Variables Associated With Tic Exacerbation in Children With Chronic Tic Disorders

Michael B. Himle, Matthew R. Capriotti, Loran P. Hayes, Krishnapriya Ramanujam, Lawrence Scahill, Denis G. Sukhodolsky, Sabine Wilhelm, Thilo Deckersbach, Alan L. Peterson, Matt W. Specht, John T. Walkup, Susanna Chang, John Piacentini

Research output: Contribution to journalArticlepeer-review

28 Scopus citations

Abstract

Research has shown that motor and vocal tics fluctuate in frequency, intensity, and form in response to environmental and contextual cues. Behavioral models have proposed that some of the variation in tics may reflect context-dependent interactive learning processes such that once tics are performed, they are influenced by environmental contingencies. The current study describes the results of a function-based assessment of tics (FBAT) from a recently completed study comparing Comprehensive Behavioral Intervention for Tics (CBIT) with supportive psychotherapy. The current study describes the frequency with which antecedent and consequence variables were reported to exacerbate tics and the relationships between these functional variables and sample baseline characteristics, comorbidities, and measures of tic severity. Results showed that tic-exacerbating antecedents and consequences were nearly ubiquitous in a sample of children with chronic tic disorder. In addition, functional variables were related to baseline measures of comorbid internalizing symptoms and specific measures of tic severity.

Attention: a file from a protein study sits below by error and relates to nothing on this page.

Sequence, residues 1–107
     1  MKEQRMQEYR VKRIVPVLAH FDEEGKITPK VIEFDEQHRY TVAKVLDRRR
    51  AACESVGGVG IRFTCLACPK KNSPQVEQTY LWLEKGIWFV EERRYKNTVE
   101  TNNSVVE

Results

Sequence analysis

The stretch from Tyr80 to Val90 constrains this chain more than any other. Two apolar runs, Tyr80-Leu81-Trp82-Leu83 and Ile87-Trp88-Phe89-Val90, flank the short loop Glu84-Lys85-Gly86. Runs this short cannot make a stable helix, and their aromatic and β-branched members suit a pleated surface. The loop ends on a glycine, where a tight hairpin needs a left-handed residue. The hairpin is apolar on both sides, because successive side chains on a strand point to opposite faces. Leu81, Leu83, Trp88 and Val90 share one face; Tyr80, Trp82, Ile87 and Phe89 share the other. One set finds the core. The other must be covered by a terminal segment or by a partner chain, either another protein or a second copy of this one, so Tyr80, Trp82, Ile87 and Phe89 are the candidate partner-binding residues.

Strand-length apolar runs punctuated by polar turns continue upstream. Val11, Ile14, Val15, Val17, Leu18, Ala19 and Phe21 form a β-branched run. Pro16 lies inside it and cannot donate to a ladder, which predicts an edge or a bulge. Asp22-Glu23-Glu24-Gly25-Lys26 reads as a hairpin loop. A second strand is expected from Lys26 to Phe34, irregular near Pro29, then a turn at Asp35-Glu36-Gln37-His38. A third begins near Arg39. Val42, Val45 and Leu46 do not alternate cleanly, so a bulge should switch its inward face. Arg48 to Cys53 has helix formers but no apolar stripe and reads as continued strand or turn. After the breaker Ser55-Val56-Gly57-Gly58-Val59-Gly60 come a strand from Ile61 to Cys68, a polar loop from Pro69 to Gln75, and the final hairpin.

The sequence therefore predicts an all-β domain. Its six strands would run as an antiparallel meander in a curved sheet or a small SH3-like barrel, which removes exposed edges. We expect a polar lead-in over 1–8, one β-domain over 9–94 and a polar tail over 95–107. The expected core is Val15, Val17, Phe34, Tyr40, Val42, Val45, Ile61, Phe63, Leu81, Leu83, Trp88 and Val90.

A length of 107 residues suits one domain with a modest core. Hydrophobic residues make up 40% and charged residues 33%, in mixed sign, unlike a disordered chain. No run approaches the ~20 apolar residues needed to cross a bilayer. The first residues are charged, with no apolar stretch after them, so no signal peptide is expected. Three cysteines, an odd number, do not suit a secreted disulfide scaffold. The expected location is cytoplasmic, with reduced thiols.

Original languageEnglish (US)
Pages (from-to)163-183
Number of pages21
JournalBehavior Modification
Volume38
Issue number2
DOIs
StatePublished - Mar 2014

Keywords

  • Comprehensive Behavioral Intervention for Tics
  • Tourette disorder
  • chronic tic disorder
  • function-based assessment

ASJC Scopus subject areas

  • Developmental and Educational Psychology
  • Clinical Psychology
  • Arts and Humanities (miscellaneous)

Fingerprint Dive into the research topics of 'Variables Associated With Tic Exacerbation in Children With Chronic Tic Disorders'. Together they form a unique fingerprint.

Cite this